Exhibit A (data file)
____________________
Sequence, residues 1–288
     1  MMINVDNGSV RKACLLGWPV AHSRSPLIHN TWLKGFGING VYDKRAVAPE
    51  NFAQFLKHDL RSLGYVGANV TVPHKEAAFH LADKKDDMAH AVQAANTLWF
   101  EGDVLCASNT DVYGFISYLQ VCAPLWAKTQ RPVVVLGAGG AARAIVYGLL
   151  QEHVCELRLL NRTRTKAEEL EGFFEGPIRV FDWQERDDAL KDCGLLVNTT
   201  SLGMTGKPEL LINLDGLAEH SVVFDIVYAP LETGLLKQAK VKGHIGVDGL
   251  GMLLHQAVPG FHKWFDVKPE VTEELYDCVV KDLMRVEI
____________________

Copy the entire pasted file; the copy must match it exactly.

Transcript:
Sequence, residues 1–288
     1  MMINVDNGSV RKACLLGWPV AHSRSPLIHN TWLKGFGING VYDKRAVAPE
    51  NFAQFLKHDL RSLGYVGANV TVPHKEAAFH LADKKDDMAH AVQAANTLWF
   101  EGDVLCASNT DVYGFISYLQ VCAPLWAKTQ RPVVVLGAGG AARAIVYGLL
   151  QEHVCELRLL NRTRTKAEEL EGFFEGPIRV FDWQERDDAL KDCGLLVNTT
   201  SLGMTGKPEL LINLDGLAEH SVVFDIVYAP LETGLLKQAK VKGHIGVDGL
   251  GMLLHQAVPG FHKWFDVKPE VTEELYDCVV KDLMRVEI